7. The Pigeon Tunnel: Stories from My Life by John le Carré. From his years serving in British Intelligence during the Cold War, to a career as a writer that took him from war-torn Cambodia to Beirut on the cusp of the 1982 Israeli invasion to Russia before and after the collapse of the Berlin Wall, le Carré has always written from the heart of modern times. In this, his first memoir, le Carré is as funny as he is incisive, reading into the events he witnesses the same moral ambiguity with which he imbues his novels. “Spies are le Carré’s preferred subject, but through them he grapples with larger human truths that transcend the cloak-and-dagger underworld.” —The American Scholar
  8. Wild, Beautiful Places: Picture-Perfect Journeys Around the Globe by National Geographic, with foreword by George Stone. Highlighting 50 of Earth’s most pristine, scenic locales, this beautiful book is illustrated with stunning images, coupled with accessible, engaging descriptions and practical travel information. National Geographic photographers share some of their favorite shots from around the world and explain how they got them, and historical photos culled from National Geographic’s hallowed image archive highlight old Society explorations in rugged, distant locations.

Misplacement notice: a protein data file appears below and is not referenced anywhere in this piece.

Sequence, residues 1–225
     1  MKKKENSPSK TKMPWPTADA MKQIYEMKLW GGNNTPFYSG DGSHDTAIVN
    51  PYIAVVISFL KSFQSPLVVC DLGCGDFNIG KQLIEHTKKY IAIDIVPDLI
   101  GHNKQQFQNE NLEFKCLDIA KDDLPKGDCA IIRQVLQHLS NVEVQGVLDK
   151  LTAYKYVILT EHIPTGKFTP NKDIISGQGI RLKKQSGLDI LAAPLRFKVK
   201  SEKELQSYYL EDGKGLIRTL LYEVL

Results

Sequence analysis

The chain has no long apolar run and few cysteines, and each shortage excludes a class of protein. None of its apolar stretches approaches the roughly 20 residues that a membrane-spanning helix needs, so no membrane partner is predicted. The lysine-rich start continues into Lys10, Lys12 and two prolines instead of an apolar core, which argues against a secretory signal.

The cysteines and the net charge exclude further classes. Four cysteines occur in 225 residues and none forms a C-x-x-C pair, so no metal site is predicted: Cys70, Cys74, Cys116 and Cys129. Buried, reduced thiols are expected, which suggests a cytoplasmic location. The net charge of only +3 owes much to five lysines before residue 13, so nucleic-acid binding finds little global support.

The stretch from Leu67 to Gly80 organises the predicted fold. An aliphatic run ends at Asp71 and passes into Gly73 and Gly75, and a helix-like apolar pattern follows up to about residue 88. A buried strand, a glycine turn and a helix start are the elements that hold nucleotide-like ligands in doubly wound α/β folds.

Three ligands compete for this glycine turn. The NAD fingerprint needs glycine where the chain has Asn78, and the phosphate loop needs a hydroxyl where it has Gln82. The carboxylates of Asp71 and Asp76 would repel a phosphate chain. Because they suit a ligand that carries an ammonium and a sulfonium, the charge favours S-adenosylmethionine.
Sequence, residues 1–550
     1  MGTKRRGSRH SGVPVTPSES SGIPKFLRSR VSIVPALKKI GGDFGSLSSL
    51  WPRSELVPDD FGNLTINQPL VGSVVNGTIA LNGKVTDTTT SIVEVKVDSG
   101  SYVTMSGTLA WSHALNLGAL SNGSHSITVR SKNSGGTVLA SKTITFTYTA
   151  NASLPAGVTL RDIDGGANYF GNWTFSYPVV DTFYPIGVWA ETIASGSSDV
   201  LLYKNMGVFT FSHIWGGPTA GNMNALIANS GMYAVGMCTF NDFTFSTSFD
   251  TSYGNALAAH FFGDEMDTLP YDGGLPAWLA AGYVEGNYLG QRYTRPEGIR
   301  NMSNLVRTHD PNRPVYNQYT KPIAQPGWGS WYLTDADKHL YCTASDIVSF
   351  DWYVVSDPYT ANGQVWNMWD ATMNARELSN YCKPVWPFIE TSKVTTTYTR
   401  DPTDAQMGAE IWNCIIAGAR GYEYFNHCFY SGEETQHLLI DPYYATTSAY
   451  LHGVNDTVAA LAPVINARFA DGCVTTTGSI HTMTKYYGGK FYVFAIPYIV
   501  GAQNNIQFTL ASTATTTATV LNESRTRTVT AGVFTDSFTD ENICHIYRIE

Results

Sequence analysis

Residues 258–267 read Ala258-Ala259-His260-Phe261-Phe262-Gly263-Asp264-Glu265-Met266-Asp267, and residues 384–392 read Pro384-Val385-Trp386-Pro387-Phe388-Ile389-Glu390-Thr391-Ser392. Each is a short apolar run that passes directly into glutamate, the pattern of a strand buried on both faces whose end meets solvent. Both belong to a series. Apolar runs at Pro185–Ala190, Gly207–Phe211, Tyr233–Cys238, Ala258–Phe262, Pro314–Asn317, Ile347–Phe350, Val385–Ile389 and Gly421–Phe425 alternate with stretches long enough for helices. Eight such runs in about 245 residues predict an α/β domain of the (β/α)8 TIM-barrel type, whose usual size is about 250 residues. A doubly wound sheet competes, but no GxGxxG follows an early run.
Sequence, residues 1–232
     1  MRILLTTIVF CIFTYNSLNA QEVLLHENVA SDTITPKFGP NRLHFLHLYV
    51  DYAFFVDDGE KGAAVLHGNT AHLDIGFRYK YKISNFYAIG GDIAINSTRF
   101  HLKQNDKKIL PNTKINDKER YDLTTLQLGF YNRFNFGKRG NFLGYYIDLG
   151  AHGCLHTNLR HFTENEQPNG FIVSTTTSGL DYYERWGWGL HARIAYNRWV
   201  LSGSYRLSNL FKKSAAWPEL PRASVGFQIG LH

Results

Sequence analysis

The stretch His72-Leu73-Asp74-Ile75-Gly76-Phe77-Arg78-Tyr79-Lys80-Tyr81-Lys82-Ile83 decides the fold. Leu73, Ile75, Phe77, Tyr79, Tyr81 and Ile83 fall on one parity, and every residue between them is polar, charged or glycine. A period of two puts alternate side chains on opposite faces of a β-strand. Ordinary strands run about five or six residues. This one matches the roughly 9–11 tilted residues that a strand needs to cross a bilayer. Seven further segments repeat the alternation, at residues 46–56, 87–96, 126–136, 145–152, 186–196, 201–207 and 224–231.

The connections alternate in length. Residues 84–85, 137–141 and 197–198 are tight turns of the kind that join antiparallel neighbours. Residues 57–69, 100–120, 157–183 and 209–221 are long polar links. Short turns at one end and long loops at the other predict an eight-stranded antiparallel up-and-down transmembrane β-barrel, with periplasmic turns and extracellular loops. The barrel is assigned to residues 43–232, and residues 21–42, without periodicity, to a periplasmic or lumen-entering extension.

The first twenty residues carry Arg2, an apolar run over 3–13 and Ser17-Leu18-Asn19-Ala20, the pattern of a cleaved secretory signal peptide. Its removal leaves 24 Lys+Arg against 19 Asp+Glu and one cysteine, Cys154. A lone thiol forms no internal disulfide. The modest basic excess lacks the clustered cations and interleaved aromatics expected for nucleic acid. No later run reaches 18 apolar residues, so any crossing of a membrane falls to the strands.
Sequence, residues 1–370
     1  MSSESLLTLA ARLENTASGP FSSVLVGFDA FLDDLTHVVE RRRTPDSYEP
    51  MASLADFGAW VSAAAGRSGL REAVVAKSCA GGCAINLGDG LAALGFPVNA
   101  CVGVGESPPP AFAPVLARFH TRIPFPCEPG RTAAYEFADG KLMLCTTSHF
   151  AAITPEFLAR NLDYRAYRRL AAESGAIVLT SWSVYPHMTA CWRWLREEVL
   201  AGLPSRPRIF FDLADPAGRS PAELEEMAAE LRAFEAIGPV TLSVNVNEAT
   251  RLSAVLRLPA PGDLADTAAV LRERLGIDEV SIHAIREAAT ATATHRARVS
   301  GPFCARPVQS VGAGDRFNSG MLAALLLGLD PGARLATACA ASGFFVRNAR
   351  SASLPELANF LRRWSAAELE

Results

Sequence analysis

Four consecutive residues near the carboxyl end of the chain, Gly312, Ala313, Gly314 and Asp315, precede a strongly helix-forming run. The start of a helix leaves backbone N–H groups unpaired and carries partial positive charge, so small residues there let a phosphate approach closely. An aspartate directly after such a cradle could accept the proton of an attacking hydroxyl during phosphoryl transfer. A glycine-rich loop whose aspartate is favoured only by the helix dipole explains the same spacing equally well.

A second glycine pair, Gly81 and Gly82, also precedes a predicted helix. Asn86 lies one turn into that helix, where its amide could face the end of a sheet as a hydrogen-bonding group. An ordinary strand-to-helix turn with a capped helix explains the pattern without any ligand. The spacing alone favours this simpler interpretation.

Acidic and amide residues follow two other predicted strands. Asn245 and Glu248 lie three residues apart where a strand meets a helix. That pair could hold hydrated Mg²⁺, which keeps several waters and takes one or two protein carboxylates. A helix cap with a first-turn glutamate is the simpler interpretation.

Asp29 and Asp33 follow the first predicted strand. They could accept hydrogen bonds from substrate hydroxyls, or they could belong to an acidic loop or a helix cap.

9. China’s Crony Capitalism: The Dynamics of Regime Decay by Minxin Pei. When Deng Xiaoping launched China on the path to economic reform in the late 1970s, he vowed to build “socialism with Chinese characteristics.” More than three decades later, China’s efforts to modernize have yielded something very different from the working people’s paradise Deng envisioned: an incipient kleptocracy, characterized by endemic corruption, soaring income inequality, and growing social tensions. “Mr Pei’s book is quietly devastating. In sober, restrained language, he exposes the full gravity of corruption in China.” —The Economist
  10. The Euro: How a Common Currency Threatens the Future of Europe by Joseph E. Stiglitz. Nobel Prize–winning economist and best-selling author Joseph E. Stiglitz dismantles the prevailing consensus around what ails Europe, demolishing the champions of austerity while offering a series of plans that can rescue the continent―and the world―from further devastation. With its lessons for globalization in a world economy ever more deeply connected, The Euro is urgent and essential reading. “Many of Mr. Stiglitz’s most damning observations are on target.” —Wall Street Journal